Too much weight increase and not a lot of redundancy increase. And with current landing distance calculation methods, reversers are redundancy for brakes (which are redundant in themselves with multiple circuits and axles), not for each other. In essence, you could leave them off on most planes. They are "reaching desired turn-off" mechanisms unless the brakes are quite broken AND your runway is very short. Just popping the spoilers will brake the plane quite well in the speeds where reversers are effective.

Quoting Jetlagged (Reply 16):
and better spares commonality (operators will have to spare inboard and outboard engines separately).

On most large engines, the reversers are not part of the engine package in the way you describe. They are part of the nacelle. The engines themselves are all sans reversers.
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David L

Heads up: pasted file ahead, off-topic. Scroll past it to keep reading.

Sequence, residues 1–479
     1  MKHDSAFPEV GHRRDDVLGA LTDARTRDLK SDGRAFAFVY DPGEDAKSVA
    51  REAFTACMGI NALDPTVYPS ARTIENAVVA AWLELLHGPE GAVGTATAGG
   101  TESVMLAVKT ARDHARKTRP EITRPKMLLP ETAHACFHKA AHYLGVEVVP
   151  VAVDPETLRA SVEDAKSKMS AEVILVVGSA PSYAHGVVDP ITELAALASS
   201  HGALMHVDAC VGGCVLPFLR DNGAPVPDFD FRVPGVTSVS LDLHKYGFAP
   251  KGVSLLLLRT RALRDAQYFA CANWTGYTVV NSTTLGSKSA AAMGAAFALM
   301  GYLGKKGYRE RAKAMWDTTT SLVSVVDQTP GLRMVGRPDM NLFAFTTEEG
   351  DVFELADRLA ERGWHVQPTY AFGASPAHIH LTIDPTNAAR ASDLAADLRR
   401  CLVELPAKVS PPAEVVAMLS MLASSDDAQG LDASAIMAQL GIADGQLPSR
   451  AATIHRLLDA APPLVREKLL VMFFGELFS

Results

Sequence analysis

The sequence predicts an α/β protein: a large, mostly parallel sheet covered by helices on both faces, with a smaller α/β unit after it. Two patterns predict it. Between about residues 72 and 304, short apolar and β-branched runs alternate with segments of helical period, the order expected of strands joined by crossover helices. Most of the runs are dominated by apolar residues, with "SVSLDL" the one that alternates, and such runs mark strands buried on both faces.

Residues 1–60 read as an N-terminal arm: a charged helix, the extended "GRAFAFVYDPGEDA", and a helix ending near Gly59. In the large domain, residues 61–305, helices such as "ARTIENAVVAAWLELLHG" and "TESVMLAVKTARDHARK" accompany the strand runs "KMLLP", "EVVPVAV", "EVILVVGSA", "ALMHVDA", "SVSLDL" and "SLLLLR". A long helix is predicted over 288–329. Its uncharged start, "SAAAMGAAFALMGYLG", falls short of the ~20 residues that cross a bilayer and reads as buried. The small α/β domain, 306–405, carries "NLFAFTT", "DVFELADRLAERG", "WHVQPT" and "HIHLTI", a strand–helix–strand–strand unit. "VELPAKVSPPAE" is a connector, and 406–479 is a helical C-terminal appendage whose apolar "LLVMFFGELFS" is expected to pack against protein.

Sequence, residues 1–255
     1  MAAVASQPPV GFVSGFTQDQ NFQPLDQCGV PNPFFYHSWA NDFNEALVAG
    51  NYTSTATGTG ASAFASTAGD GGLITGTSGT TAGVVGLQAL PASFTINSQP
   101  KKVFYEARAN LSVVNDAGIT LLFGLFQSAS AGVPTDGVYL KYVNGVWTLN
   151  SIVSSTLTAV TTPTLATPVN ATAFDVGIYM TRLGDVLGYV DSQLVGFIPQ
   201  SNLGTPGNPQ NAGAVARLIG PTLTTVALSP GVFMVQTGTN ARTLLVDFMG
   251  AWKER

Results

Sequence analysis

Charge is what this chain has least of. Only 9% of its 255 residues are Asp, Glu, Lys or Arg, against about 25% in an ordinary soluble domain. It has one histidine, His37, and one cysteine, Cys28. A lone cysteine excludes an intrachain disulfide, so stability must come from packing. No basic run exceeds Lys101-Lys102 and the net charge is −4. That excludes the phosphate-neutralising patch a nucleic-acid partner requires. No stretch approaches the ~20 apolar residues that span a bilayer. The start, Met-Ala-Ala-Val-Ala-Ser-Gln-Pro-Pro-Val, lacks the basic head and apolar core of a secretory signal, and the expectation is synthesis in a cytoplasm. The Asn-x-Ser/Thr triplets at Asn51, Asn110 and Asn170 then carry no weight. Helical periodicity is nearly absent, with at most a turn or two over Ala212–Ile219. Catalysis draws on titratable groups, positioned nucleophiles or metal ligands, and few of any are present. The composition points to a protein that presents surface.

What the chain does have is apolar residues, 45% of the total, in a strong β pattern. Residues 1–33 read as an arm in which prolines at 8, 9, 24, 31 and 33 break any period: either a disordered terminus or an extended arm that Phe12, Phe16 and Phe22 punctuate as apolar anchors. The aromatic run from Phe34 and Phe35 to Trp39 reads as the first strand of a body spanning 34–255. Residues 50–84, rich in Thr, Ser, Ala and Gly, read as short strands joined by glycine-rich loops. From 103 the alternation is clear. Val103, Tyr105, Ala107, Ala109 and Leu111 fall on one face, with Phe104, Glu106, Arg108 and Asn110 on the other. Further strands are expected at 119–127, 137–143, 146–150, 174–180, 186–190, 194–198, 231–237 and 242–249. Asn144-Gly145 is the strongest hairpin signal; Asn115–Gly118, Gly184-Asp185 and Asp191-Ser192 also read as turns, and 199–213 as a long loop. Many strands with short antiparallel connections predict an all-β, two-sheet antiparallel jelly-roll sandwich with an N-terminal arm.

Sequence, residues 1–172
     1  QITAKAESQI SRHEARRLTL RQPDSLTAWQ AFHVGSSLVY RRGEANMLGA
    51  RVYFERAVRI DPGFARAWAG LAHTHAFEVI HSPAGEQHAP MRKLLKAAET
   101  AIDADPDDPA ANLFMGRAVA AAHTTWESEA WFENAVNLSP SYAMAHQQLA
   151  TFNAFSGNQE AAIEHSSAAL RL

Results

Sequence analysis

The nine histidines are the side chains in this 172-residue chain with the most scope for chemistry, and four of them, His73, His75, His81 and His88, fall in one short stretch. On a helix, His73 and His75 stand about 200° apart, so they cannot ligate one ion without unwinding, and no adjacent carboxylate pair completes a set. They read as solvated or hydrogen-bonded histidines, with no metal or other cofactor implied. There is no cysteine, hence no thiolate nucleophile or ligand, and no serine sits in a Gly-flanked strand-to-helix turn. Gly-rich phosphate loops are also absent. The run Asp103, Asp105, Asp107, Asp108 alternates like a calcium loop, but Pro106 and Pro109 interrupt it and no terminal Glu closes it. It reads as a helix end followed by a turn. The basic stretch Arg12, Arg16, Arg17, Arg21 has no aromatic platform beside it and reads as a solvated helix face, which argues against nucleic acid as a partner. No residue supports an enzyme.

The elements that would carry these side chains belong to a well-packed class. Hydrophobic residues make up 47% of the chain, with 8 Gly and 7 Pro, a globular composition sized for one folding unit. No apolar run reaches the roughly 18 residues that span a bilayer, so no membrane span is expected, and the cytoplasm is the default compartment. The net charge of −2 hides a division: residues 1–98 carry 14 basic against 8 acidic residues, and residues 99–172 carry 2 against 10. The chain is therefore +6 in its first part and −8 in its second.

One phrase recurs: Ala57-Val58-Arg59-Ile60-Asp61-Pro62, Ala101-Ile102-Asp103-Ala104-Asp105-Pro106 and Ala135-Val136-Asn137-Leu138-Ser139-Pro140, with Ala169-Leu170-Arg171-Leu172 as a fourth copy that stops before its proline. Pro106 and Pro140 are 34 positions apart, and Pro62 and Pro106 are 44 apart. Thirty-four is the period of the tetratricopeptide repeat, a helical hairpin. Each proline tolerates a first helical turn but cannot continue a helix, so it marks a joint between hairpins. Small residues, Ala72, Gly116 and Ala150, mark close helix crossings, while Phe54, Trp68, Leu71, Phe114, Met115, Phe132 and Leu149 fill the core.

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Why The Airbus A380 Has Only Two Thrust Reverser?

Thu Jul 06, 2006 6:35 am

Quoting Jetlagged (Reply 16):
So I wouldn't want to be onboard the first A380 which lands on an icy runway with an inboard engine out

Do 747s often land on icy runways where reverse thrust can mean the difference between staying on the runway and over shooting? Not a loaded question, just curious.
 
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Starlionblue
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Why The Airbus A380 Has Only Two Thrust Reverser?

Thu Jul 06, 2006 9:21 am

Quoting David L (Reply 19):
Quoting Jetlagged (Reply 16):
So I wouldn't want to be onboard the first A380 which lands on an icy runway with an inboard engine out

Do 747s often land on icy runways where reverse thrust can mean the difference between staying on the runway and over shooting? Not a loaded question, just curious.

I can hear SlamClick in my ear... "Why would you want to land an airliner with a failed thrust reverser on an icy runway when you can divert to somewhere with better traction?"

But in any case, I agree with what I think Mr. L is saying. If thrust reverse is needed to stop within the required distance on that icy runway, you won't be allowed to land there anyway, regardless of whether your reversers are in working order or not.